What I mean by customer experience (CX) is providing the kind of personalization that happens when you use customer data to offer more relevant solutions. Now with modern survey platforms, companies of all sizes can measure and improve their customer experience at scale. A lightweight approach to CX improvement using metrics such as Net Promoter Score (NPS) can get you 90% of the way there and not break the bank. The key is to start small. Determine your “north star” metric. Get customer feedback, take action, repeat. Consistently repeat this process. As your company’s customer experience improves, so will your bottom line.
17. Thank Your Customers
Alex Altuhov, General Manager, HandyKith
Thank them whenever possible, and apologize immediately when you get something wrong. Whenever you can, thank your customers/clients for choosing to work with you and staying loyal to your business for as long as they have. Thank them even more so if they’ve actively referred people to your business. You want to show them your appreciation because, at the end of the day, they deserve it. Out of all the businesses they could’ve chosen to go with, they chose you.
18. Gamify Your Referral Program
Igor Gramyko, Owner, Highwater Standard
Create a great referral program your fans can use to bring you even more fans. Encourage your customers from the moment they purchase your product or service to refer people to your business to earn great rewards for them and their friends. You can also add a feature to where someone can nudge a friend if they left things in their cart.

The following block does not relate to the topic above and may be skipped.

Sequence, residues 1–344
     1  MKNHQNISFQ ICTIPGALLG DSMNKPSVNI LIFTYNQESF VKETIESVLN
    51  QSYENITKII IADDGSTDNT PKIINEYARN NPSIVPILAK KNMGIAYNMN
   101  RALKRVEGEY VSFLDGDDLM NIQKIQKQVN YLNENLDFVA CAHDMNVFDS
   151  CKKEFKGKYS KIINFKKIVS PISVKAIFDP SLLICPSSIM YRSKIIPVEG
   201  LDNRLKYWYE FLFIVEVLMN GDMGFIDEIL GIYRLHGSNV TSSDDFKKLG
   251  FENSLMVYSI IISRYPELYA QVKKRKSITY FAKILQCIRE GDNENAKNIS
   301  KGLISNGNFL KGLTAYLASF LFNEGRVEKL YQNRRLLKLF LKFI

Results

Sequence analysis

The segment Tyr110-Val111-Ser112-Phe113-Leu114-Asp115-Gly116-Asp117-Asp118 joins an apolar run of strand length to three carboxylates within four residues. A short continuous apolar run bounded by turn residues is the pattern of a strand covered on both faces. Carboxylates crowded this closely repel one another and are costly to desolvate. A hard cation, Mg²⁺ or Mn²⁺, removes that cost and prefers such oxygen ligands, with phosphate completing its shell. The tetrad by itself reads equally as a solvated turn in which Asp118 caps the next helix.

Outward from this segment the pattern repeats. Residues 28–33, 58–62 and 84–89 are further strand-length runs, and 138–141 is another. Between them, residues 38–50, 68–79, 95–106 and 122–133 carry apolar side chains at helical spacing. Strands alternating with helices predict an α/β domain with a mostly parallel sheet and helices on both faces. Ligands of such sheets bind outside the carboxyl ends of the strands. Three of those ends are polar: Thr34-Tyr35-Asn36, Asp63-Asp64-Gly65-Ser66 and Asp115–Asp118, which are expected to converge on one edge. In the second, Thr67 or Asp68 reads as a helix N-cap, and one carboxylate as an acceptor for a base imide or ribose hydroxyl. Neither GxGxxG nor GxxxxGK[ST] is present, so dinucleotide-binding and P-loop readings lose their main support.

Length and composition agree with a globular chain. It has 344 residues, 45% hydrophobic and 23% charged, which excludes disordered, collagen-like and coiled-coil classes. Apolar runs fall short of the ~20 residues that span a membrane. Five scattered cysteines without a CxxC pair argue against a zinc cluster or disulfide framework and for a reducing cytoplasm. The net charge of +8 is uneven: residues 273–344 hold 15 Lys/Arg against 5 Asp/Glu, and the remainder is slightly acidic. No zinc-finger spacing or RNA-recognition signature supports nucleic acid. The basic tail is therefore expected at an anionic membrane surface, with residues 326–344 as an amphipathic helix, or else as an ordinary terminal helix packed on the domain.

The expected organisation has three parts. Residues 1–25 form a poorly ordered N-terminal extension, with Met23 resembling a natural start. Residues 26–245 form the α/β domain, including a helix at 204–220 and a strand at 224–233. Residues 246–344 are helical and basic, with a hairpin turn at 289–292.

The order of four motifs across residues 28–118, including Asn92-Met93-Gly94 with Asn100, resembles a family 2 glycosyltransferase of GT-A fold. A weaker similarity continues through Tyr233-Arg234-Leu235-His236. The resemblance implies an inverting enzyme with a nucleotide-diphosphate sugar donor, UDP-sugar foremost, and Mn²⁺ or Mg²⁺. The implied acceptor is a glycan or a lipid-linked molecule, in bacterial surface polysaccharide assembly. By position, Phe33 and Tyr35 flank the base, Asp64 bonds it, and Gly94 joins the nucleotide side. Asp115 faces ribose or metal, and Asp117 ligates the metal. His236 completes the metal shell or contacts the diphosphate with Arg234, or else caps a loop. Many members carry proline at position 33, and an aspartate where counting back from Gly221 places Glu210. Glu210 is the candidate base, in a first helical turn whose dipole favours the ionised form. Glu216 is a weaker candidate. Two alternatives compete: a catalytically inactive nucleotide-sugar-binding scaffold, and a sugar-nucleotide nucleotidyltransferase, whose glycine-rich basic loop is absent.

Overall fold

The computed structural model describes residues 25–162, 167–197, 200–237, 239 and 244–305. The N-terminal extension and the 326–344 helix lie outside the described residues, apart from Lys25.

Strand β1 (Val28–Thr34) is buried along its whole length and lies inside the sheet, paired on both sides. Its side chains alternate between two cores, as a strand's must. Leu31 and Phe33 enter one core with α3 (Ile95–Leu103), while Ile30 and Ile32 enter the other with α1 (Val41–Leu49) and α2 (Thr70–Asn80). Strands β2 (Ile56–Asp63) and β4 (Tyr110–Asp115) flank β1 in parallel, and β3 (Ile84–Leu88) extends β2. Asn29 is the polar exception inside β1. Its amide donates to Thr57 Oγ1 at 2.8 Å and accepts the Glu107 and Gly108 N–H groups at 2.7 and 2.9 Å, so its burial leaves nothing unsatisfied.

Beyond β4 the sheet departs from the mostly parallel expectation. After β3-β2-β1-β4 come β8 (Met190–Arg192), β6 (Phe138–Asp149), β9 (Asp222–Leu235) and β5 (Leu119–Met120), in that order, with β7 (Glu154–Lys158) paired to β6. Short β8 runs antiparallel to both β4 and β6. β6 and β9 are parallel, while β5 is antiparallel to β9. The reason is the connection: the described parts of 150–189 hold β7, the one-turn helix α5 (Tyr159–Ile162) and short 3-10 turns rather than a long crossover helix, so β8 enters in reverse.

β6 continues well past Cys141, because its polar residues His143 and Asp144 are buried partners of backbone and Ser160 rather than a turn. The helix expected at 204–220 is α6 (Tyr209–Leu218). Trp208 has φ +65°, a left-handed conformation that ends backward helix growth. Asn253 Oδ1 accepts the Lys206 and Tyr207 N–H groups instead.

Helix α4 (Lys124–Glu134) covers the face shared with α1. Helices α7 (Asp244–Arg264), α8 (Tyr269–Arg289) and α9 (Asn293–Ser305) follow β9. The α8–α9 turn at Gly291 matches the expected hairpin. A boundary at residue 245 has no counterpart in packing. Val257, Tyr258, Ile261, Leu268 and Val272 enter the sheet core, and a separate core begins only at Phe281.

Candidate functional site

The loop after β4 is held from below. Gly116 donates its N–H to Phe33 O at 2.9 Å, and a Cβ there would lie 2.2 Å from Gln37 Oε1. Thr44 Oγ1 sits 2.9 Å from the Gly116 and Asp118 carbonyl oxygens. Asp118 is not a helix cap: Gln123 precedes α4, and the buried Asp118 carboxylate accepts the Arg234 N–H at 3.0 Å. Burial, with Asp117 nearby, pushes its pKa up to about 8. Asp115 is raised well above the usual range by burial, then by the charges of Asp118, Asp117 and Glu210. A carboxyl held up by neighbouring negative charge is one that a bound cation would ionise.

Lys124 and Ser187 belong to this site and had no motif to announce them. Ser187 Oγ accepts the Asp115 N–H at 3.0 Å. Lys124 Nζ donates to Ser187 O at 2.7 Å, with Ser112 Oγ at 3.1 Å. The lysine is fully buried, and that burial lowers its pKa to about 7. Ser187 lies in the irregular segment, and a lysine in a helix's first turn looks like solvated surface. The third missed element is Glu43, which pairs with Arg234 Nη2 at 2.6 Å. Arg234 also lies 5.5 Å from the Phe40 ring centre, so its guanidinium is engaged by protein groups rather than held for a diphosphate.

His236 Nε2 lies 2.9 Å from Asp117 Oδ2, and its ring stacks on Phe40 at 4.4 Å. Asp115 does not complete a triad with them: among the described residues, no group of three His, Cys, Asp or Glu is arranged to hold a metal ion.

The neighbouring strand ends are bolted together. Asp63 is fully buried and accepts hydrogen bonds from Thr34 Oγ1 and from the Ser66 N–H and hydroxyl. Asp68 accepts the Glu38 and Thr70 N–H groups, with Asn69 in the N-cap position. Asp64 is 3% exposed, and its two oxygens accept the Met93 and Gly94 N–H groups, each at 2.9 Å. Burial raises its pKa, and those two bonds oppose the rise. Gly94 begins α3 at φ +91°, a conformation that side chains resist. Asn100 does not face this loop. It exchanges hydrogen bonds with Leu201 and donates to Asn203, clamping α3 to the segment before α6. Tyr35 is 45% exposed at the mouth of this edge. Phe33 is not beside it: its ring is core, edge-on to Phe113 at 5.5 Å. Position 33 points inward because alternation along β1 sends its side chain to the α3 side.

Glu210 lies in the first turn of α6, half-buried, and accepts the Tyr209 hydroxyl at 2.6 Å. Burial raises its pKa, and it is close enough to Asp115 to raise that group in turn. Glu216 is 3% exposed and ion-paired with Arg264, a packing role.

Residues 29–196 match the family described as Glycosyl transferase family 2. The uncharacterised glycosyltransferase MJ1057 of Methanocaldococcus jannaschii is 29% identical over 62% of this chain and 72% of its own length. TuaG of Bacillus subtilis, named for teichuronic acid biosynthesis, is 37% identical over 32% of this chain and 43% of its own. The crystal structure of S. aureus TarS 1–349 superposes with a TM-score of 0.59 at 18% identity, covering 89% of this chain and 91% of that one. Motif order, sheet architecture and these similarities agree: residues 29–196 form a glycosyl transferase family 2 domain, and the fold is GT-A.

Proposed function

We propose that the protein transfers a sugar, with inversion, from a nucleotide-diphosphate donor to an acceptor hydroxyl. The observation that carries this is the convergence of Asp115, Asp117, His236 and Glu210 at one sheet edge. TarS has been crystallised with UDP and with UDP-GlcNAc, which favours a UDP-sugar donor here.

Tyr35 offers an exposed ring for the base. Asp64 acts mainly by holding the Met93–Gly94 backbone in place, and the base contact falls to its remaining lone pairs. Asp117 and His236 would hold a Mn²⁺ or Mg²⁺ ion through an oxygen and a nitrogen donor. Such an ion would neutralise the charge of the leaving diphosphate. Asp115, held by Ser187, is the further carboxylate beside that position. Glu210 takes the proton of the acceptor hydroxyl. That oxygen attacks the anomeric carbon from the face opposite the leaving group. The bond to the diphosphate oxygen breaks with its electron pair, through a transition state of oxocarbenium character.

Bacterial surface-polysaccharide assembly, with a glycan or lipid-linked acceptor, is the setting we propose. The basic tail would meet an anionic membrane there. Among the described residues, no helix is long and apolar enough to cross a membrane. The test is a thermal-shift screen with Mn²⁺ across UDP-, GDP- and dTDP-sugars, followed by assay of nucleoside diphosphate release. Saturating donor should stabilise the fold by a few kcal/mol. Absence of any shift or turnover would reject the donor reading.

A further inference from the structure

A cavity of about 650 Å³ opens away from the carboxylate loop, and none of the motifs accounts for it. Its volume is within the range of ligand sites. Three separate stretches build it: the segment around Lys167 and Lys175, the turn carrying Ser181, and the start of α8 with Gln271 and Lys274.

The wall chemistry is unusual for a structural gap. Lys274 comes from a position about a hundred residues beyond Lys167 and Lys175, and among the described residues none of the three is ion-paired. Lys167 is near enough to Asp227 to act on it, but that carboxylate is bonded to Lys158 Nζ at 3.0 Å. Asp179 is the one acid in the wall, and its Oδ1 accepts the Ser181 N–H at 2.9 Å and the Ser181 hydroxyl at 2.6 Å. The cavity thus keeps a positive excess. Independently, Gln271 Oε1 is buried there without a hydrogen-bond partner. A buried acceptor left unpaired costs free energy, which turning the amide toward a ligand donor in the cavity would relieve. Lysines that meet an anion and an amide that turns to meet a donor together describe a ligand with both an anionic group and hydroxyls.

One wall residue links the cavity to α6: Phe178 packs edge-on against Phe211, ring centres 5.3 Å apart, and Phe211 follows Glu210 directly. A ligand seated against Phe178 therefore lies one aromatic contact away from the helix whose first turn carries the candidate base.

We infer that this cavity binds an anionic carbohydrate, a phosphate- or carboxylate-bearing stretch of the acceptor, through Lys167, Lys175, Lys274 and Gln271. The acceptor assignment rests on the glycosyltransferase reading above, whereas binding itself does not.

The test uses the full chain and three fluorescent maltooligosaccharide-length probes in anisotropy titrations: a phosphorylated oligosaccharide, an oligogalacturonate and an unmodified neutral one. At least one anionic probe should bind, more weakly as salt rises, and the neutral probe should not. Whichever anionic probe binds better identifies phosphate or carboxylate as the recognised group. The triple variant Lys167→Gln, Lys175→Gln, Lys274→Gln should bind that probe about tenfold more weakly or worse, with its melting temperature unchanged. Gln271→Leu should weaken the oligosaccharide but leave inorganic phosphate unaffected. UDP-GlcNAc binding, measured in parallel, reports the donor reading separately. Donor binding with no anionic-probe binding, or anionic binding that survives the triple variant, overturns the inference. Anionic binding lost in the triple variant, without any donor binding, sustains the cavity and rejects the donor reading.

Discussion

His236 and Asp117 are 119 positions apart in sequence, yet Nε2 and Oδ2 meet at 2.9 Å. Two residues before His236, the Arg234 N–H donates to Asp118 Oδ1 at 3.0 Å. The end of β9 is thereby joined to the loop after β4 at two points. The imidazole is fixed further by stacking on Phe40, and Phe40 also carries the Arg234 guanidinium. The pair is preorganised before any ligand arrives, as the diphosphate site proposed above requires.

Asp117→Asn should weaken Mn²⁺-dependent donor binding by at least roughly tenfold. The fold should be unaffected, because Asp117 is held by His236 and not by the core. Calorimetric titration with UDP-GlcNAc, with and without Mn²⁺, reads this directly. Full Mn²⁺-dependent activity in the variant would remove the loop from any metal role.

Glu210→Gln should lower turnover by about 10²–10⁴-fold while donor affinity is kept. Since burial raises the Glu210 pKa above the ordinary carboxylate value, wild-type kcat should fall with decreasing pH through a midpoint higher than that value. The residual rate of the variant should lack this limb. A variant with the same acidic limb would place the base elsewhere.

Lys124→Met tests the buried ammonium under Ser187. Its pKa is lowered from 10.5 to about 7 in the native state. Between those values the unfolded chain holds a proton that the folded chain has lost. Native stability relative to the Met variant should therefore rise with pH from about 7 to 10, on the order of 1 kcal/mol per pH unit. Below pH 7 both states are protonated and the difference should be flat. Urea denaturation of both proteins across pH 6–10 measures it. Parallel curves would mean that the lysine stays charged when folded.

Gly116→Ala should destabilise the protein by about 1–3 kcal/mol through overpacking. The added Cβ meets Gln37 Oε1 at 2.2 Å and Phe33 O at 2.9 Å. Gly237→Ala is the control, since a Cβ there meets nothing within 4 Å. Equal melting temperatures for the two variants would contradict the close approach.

19. Offer a Single Point of Contact
Nathalie Couët, Communications & Marketing Manager, DashThis
We put as much focus on the service part of our business as the software part. Account managers are available for video calls, email support, and everything in between, whenever the user has a question, comment, or request. There’s no passing off from an onboarding specialist to a sales rep to a support specialist. By staying with the same person throughout the entire life cycle, account managers and clients are able to build real, trusting, and personal relationships.
20. Empower Your Employees
Cathy Schannen, Vice President & Account Director, LABOV
Employees must have the right resources and the freedom to make decisions that help them exceed customer expectations. Opportunities to super-please can happen in an instant, so if an employee is required to get permission from a supervisor first, the opportunity may have already passed. It also takes a keen sense of observation to recognize how you can go out of your way to make the customer happy. Super-pleasing can not only win a customer’s loyalty, but generate new customers as well through positive word-of-mouth.
21. Communicate with Your Clients Every Day
Kameron Jenkins, Founder, Soapboxly
I have had the best retention when I committed to sharing something with my client every day. That might seem like a lot, but this frequent communication shows your client that you care and that you’re proactively working to make them successful. Set yourself reminders or keep a checklist so you don’t forget. When you contact them, make sure to communicate value. Some ideas of things you can share include: relevant industry news, work that you executed on their campaign, improvements, and achievements you’ve accomplished for them.